team decides whether or not they want to spend the money. “That is why I believe in having insurance as an integral part of risk management; it speeds up the action when you need it most,” says Job. When events are predictable, travellers

need to use common sense. Someone taking a trip to the Caribbean in September should know a hurricane is possible and be primed to react accordingly. “One caller from the area in September last year said, ‘The storm is due in two hours, can you get me out?’,” says Job. “We had been posting alerts as soon as the storm was on the radar and updating people as it picked up power.” Drum Cussac had also warned that there

would be no power after the storm and that anyone planning to stay should be well provisioned. Ironically, he says, “we had a plane they could get on but they couldn’t get themselves to the airport”.

TRAVELLER FEEDBACK Debriefing travellers can be carried out online via an automated email: let us know anything you noticed while travelling. If polled within days of their return, the response will be accurate and fresh, and ensures companies are kept up to date about changes in mood or local behaviour, which is valuable feedback from someone who visits the same areas regularly. After an incident, face-to-face debrief- ing is essential, to assess what lessons can

be learned, with attendant adjustments to policy or whether a number of policy changes would make any difference. It may also highlight where policy could better cater for inexperienced travellers. Risk management is not just duty-of-care;

it is a commercial imperative. Risk man- agement equals reputation management. “If one of your employees is kidnapped during a business trip and you have not taken sufficient steps to mitigate that risk and protect his or her safety, then not only have you failed in your basic duty-of-care responsibilities to your employees but such a situation will grab headlines in the press and impact negatively on your company’s reputation,” says Wings’ East. If there were any doubt, there is evidence

the converse is true: “In our extensive experi- ence with our clients, we see that companies with more mature risk management practic- es outperform their peers financially,” writes EY in its report Turning Risk into Results. The firm’s research suggests this translates to a competitive advantage: companies in the top 20 per cent of risk maturity generated three times the level of EBITDA as those in the bottom 20 per cent. Capita Travel and Events’ new approach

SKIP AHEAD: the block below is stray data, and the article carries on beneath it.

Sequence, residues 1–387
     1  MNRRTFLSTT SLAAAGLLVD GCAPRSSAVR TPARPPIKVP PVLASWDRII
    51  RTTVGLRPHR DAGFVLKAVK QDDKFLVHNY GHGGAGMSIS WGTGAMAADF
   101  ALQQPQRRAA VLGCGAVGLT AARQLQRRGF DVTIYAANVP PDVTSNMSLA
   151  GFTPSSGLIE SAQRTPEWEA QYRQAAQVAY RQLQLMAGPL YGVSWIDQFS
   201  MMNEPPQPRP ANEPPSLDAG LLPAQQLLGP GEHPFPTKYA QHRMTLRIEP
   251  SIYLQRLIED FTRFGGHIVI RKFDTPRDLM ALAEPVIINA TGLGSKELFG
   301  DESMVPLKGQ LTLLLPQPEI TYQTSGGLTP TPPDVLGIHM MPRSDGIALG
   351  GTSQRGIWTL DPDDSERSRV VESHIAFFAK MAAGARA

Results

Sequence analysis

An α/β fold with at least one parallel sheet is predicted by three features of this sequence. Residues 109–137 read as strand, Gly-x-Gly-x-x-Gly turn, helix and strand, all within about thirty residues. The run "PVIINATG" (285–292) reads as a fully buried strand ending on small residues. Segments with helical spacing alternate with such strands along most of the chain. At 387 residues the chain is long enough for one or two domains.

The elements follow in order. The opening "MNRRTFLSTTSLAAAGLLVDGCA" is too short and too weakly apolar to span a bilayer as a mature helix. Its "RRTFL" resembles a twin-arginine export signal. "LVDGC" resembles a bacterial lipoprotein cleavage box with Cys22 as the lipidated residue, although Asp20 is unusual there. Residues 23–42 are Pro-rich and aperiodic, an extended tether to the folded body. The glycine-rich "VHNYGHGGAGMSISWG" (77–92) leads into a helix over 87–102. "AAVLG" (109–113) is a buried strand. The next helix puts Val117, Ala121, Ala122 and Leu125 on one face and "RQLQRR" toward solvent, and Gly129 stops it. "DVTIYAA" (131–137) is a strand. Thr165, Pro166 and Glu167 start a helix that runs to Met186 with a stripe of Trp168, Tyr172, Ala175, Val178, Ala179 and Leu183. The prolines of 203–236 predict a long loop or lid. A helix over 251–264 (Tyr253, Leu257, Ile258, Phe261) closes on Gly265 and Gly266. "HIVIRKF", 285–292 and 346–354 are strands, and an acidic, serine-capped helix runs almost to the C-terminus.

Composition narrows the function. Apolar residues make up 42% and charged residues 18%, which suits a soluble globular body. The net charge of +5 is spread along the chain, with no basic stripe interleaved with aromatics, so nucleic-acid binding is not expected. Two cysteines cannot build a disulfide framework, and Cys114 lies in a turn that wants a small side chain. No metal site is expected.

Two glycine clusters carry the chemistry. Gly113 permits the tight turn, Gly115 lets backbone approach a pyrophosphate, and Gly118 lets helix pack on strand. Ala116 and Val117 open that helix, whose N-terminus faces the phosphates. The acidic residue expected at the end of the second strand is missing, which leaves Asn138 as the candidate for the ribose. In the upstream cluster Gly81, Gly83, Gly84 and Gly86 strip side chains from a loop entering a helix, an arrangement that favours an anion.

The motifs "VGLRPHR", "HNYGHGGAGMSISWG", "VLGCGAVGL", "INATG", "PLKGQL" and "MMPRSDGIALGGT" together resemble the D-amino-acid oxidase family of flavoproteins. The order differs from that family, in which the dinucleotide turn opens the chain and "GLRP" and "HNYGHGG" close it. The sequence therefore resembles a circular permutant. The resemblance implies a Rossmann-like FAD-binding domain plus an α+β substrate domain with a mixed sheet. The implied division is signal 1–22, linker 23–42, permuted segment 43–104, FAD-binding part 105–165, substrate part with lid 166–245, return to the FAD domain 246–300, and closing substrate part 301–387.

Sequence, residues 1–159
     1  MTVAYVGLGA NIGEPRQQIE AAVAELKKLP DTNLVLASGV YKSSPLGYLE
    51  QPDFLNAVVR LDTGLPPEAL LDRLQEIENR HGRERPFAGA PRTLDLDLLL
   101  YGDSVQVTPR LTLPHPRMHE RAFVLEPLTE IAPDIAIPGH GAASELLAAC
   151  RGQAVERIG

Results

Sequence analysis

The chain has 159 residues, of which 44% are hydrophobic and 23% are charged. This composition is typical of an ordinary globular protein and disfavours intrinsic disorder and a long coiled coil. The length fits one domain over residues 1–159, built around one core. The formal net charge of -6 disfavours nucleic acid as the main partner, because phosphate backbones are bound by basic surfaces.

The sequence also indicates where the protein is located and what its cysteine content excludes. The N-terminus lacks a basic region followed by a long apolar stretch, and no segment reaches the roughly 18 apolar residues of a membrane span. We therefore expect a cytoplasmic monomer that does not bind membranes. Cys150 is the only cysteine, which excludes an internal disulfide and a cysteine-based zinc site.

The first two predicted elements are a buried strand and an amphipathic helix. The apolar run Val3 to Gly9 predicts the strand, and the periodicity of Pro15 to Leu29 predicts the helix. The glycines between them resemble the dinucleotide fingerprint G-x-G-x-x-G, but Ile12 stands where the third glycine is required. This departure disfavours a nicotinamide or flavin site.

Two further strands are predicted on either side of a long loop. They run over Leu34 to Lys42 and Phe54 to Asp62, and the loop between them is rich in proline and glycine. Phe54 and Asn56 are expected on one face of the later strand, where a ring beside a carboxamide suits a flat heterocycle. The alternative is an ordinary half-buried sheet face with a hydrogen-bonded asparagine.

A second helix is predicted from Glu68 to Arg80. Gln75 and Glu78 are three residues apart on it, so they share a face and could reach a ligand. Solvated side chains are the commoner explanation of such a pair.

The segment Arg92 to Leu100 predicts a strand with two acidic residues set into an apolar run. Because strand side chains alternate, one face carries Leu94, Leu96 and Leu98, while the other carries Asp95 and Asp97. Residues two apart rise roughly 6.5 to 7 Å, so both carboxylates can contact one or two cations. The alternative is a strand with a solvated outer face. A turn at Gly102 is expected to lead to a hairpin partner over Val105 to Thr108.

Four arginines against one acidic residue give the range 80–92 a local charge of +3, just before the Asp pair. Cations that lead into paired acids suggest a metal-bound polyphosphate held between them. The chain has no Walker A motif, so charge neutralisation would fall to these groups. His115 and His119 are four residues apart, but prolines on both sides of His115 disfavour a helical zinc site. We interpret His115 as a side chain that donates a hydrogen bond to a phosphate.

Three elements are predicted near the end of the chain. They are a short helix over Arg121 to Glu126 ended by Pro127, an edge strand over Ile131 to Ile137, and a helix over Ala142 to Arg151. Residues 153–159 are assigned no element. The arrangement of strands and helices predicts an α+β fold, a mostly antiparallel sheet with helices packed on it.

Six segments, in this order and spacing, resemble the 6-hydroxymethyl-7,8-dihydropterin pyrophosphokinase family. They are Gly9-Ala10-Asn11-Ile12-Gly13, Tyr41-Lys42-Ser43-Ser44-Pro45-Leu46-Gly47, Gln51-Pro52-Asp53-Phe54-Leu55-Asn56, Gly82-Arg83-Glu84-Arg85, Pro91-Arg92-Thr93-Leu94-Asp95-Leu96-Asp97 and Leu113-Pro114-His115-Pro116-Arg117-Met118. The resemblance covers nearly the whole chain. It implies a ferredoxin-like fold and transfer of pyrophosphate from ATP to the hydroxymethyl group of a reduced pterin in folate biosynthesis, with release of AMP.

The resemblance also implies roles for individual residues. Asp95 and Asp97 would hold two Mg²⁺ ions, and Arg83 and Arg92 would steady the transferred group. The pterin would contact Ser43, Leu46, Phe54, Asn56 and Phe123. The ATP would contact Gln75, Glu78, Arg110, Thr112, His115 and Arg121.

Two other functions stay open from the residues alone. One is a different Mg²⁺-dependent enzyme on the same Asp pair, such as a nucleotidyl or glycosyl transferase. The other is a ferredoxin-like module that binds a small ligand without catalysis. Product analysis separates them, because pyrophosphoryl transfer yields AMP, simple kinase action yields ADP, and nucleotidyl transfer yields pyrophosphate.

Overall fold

to risk analysis, Smarter Working, brings together statistics from different parts of a business to gain better insight. This em- braces HR, including absenteeism, age profile of travellers, gender and how long

they have worked for the company; travel data, expense, fleet mileage information, plus third-party data, such as crime reports. “This allows us to build up pictures of

cause and effect that were not visible,” says chief commercial officer Trevor Elswood. “The tenet of Smarter Working is to put safety and wellbeing at the centre of things.” Proof of the pudding came in the form

of a client company that had put a ban on travel one month of the year and wanted to understand whether it was effective. “Air and rail travel had come down during that month, but road mileage had shot up dis- proportionately,” says Elswood. “This had reduced costs but we showed the amount of unproductive time there was by moving from rail to car. People were undertaking numerous trips of more than 300 miles in a day with no accommodation. This was not intended.” Other areas reassessed included extend-

ing no-driving policies to business trips on domestic flights, which might involve a 16-hour day; absenteeism when related to certain types of travel, and total trip cost. “The more data you put into the blender,

the more you can ask of it to create a bet- ter-informed approach to travel and risk policy,” Elswood says. “By blending rich data sources from different stakeholders, we were able to measure the possible results of the law of unintended consequences.”

Former marine launches consultancy Former Royal Marine Commando

Based on military expertise, a new company aims to bring together travel planning and risk reduction into a single operation

Ian Smith has set up Vitrus Global to help businesses protect their workforce. Smith was a commando with 45 Royal Marines, and has served tours of duty on the frontline in Afghanistan and Iraq. After leaving the forces and spending time working in international maritime and land-based security and risk advisory roles, he says he saw the need to bring together the two areas of travel management and risk reduction.

He claims that previously, risk management companies have specialised only in so-called “high

38 BBT July/August 2018

risk” areas of the world, but now even local travel carries its own risks. By bringing travel planning and risk reduction into a single operation, Smith says Vitrus can provide a “unique service for businesses”. “We can help companies better manage the exposure of their employees to risk, and we can help travellers to be better prepared. Drawing on our knowledge and resources we can provide them with a range of single sourced, cost-effective solutions, which deliver peace of mind.” The Newcastle-based firm can also create tailor-made travel plans,

Ian Smith, Vitrus Global

including risk analysis, evacuation and emergency response planning, close protection and crisis management where necessary.


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